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Early Morning Fun with “Ghost”

After I wrote the post the other day on the game “Ghost,” I started to play a bit of it in my head. I thought of a few sequences, and I wonder if you might figure out how you could turn possible defeat into victory in these.

The rules of the game are below in the post entitled “The Game of Ghost” I did not look up any of the sequences, so you might possibly find other options, too. It’s just for fun. Each situation involves you against just one other player Remember, you do not want to put the last letter in which spells a four or more-letter word, or you lose. And you must always have a word in mind when adding a letter, or you will be challenged and lose, if you do not have one. And don’t look any of the sequences up, that spoils the challenge of it!

1, He starts with B. You say A, for BA. He says I, for BAI. What do you do? You do not give up!

2. He starts with V. You say I, for VI. He says A, for VIA You…? I can think of two winning options.

3. He starts with S. You say T, for ST. He says A, for STA. You say N, for STAN. He counters with C, for STANC. What do you do?

4, You start with C. He says L, for CL. You say E. for CLE. He says A, for CLEA. You…?

5. You start with P. He says R, for PR. You say A for PRA. He says N, for PRAN. You say…(easy one!)

I could always be wrong on these, but I don’t think so. If I am, I am sure that somebody will point it out! Answers below.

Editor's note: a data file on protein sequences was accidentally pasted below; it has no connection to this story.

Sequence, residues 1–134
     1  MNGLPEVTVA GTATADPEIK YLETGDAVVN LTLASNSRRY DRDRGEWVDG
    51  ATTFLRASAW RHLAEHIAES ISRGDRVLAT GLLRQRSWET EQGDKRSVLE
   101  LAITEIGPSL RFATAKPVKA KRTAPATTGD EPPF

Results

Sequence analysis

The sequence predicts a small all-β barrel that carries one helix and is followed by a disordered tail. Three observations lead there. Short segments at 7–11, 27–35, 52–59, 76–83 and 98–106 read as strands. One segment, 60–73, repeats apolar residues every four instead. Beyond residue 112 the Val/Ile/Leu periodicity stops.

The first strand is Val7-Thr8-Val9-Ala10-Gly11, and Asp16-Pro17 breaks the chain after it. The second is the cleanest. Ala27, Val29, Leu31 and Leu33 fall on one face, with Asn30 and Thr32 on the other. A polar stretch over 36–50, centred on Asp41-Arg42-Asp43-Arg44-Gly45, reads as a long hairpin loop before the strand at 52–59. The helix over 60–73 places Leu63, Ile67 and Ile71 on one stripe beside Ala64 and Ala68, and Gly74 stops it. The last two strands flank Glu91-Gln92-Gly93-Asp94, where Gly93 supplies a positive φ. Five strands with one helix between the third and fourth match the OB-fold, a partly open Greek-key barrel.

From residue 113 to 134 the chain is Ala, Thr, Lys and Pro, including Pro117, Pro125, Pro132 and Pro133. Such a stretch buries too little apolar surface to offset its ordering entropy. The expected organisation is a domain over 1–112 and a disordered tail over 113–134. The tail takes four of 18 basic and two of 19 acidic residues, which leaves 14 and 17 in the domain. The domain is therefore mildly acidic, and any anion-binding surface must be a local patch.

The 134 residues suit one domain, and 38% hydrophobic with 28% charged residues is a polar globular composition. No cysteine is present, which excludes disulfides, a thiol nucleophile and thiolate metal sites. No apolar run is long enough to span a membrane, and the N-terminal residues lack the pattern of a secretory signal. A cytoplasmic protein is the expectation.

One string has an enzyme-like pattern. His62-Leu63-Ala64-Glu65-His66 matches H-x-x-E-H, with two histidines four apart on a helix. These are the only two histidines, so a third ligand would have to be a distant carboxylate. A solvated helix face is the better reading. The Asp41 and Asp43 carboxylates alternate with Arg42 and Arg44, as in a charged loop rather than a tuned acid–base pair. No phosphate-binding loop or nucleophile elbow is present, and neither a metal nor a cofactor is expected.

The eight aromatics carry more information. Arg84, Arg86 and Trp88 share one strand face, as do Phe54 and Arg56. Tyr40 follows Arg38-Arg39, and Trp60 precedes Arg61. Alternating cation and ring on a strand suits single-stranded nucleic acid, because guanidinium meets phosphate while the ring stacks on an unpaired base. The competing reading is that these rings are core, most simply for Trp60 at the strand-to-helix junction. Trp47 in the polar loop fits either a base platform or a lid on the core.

1. Z, thinking of Baize
  2. N, thinking of Viand, is best. D, thinking of Viaduct.
  3. H, thinking of Stanchion
  4. V, thinking of Cleave. If he says A, you say G, thinking of Cleavage.
  5. C, thinking of Prance

8 Responses

  1. It is really early in the morning here! I can’t sleep so I will try the first one:

    He: B
    Me: A
    He: I
    Me: R
    He: N

    I win!!! Right? It’s a wee bairn!

    The Scots lassie in me is coming out. I know that word from old ( auld ) ballads I heard as a child.

    • What if the other person doesn’t know the word I am thinking of and just says “Huh?”. Then do I tell him the next letter that forms the word? Do I still win?

      • That is very good, but I don’t think a Scottish word counts, unless it has general use in English. There are no hard and fast rules here, though, so I guess it might get through! But enfant obviously would not, so I would look for another letter.

        As to the other person not knowing your word, that is fine.. He challenges, you tell him the word, and you win.. All you have to be doing is thinking of a legitimate word, and spelling it correctly.

        • It is not just a Scottish word. It has become part of the English language as well. I’m sure it can be found in any English language dictionary. It is more of a “legitimate” word than soogy.

          Will you never let me win??? LOL

          We are like chalk and cheese. You are chalk, I am cheese.

          • I will give you two more words to ponder:

            “The Moonstone”

          • “Bairn” is originally Anglo-Saxon (“bearn”), so it ought to count as “English”. It’s common in Northern England as well as Scotland.

            Beata FTW.

  2. I came up with another one for PRAN.

    I say “D”, thinking of Prandial. It’s a word referring to a meal, used in medicine. I know it because my grandfather was a doctor and my grandmother was a nurse.

  3. Back to politics quickly: isn’t it hard to imagine a more pathetic bootlicker than Ted Cruz? Lest we forget, in 2016 Donald Trump accused his father of being an assassin and crudely insulted his wife, yet there he is in Florida kissing the Donald’s ring (or whip, if you prefer). What a weak little worm he is!

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